Although Matt Cheney thinks the "form-content distinction" is "more an occasionally-useful illusion than an idea that really fosters good analysis," in this case the distinction is not just useful but absolutely necessary in understanding why the conflict between SF as "a ghettoized genre form" and "artistic literature" as "narrative realism" is largely illusory and certainly not a worthy battle to fight if the stakes include the right to claim the genre as an "alternative" to stuffed-shirt "literary" writing.
To put it succinctly: Why does Mandel, or any partisan of genre fiction, believe the relevant opposition is between realism and not-realism, the latter defined crudely as "fantasy"? Why does she assume that the dominant mode of "artistic" fiction in the 20th and now the 21st century has been and continues to be "realism" in the first place?
If we take the modernists as the founders of "artistic fiction," is it entirely accurate to think of them as realists? To be sure, Proust, Joyce, and Woolf pursued their formal and stylistic innovations partly to achieve what we would now call "psychological realism"--the idea that perception, what goes on inside the human head, is just as vital part of "reality" as what goes on "outside"--and thus Ulysses or Mrs. Dalloway could be called works of realism, if not conventionally so. But what about Finnegans Wake? Orlando? What about Kafka or Bulgakov? Is Faulkner best understood as a realist? Is this where his "artistry" lies?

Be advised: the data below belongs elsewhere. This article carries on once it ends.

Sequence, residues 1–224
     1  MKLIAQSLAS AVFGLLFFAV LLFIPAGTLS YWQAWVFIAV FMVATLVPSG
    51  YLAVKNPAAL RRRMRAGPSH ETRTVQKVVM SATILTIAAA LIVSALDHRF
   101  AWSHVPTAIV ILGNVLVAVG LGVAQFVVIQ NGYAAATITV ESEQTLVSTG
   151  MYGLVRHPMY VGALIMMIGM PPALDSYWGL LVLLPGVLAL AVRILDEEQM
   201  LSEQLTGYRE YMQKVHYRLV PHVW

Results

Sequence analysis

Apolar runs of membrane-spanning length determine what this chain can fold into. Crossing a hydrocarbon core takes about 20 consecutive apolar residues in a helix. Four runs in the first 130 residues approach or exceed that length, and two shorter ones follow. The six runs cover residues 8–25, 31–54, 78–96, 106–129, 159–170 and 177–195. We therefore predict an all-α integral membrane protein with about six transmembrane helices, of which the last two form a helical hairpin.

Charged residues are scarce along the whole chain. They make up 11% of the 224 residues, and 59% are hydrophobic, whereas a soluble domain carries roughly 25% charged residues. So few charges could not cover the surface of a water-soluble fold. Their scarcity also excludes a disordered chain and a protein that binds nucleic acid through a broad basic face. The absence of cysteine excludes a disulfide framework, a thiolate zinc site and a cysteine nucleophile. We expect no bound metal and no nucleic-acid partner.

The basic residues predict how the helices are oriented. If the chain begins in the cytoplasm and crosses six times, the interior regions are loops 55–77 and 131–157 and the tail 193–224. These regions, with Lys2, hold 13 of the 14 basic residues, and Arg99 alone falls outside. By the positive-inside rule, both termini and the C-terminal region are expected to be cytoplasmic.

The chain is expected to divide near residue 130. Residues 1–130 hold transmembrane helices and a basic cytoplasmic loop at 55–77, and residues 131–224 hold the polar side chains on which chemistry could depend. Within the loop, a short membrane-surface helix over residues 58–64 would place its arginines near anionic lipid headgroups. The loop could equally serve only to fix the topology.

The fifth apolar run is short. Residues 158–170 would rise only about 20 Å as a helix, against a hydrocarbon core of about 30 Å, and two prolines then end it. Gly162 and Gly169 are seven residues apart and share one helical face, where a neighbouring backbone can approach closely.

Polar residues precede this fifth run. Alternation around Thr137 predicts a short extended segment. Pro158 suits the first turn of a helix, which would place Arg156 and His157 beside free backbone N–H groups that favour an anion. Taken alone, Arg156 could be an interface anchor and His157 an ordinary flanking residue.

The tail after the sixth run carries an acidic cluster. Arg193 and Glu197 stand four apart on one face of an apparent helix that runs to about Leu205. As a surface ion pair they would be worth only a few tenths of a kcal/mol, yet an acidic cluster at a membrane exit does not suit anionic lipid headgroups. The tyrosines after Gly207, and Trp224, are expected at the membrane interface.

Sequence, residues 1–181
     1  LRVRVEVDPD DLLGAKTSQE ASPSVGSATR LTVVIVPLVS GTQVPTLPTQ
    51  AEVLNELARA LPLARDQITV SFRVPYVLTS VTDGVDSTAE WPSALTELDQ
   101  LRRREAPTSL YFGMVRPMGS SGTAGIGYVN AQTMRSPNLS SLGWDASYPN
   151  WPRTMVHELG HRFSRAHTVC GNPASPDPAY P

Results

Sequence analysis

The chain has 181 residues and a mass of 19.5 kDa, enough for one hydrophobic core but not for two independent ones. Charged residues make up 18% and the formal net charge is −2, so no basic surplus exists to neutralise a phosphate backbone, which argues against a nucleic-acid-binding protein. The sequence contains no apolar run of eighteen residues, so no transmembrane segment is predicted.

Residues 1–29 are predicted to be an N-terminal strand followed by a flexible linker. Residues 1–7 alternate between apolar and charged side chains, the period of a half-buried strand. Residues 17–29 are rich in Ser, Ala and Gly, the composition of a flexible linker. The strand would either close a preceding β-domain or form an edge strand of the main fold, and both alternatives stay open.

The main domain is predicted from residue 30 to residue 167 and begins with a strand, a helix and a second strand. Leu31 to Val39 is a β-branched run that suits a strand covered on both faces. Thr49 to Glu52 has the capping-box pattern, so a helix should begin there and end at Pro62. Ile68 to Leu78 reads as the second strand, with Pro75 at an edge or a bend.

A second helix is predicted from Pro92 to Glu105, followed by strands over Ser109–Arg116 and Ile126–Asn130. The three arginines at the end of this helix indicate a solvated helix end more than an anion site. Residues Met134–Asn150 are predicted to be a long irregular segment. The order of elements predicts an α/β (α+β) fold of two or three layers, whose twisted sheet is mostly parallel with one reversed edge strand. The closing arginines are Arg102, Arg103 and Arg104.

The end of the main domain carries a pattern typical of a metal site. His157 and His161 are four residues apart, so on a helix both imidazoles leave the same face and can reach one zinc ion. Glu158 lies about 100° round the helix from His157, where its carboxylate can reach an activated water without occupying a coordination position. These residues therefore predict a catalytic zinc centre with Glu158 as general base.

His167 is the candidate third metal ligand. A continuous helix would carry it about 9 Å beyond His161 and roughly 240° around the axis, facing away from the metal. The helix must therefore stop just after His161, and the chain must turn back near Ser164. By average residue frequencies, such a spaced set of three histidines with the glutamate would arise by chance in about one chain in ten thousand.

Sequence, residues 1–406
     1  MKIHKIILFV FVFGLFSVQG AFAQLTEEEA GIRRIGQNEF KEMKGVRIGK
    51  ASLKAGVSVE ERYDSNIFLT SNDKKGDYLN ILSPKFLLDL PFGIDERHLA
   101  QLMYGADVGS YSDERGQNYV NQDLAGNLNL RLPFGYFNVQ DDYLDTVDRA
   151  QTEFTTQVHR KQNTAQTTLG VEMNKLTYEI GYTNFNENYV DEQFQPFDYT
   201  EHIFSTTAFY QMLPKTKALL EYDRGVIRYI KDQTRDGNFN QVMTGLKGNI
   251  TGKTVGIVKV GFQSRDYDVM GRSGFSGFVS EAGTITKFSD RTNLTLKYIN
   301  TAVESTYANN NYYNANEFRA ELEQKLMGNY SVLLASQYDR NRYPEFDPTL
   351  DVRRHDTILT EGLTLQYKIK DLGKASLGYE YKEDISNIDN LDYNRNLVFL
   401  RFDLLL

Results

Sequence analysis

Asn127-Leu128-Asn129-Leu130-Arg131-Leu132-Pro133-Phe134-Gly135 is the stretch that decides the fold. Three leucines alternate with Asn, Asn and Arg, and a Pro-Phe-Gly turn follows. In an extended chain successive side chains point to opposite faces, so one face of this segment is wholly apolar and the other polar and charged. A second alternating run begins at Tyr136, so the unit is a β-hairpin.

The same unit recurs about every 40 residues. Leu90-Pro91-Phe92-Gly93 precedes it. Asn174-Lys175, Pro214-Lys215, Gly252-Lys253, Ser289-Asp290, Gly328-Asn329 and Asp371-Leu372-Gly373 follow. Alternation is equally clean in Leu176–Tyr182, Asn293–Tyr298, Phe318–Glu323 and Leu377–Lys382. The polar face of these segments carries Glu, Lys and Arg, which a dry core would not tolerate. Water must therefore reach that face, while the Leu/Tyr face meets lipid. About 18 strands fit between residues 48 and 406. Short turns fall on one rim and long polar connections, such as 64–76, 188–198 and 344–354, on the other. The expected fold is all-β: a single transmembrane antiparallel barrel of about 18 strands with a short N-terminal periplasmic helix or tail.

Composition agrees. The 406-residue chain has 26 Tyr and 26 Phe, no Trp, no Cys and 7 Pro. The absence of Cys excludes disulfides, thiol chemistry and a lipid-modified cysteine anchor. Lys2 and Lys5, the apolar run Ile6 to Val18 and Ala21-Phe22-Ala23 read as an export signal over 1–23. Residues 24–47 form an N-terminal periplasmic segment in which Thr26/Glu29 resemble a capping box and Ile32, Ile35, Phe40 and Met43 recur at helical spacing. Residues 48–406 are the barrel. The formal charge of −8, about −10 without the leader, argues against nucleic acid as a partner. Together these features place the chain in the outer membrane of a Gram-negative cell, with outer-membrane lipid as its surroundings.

Is it really plausible to claim that the important postwar, postmodern "artistic" fiction is realist? John Hawkes? Nabokov? Donald Barthelme? William Gass, Robert Coover, John Barth? Gilbert Sorrentino?
Among the younger generations of "artistic" writers, which are rightfully called realists? David Foster Wallace? Jonathan Lethem? George Saunders? Granted, a great deal of "literary fiction" of the past 25 or so years has turned away from the formal experimentation and stylistic chutzpah of the postmodernists, and even writers such as Ian McEwan and Richard Powers, whose earlier work could not at all be easily located in the realm of realism, have devolved into something resembling realists, but this sort of retrorealism hardly seems a worthy opponent in the war between reality-bending genre fiction and "artistic literature."
The most distinguished American realist currently still at work, Stephen Dixon, perhaps does stand as a worthy opponent in this conflict. Is Dixon's style of "narrative realism"--which leans heavily on the "realism" at the expense of "narrative"--what those who decry it have in mind? Certainly it eschews fantasy for an obsessive chronicle of the particulars of "real life," but his methods hardly seem representative of the "mode" Susannah Mandel thinks is dominant in current literary fiction. Indeed, one wonders whether Dixon's radical suspension of scene-setting and narrative drama isn't just a little too, well, radical for the genre radicals who think realism is too stodgy. Dixon's fiction illustrates just where the narrative realists and the narrative anti-realists are dancing to the same tune. It's experimental where they are stubbornly traditional: it implicitly posits that fiction has many more unexplored approaches to the depiction of human experience that go beyond the tired storytelling formulas shared by many narrative realists and narrative antirealists alike.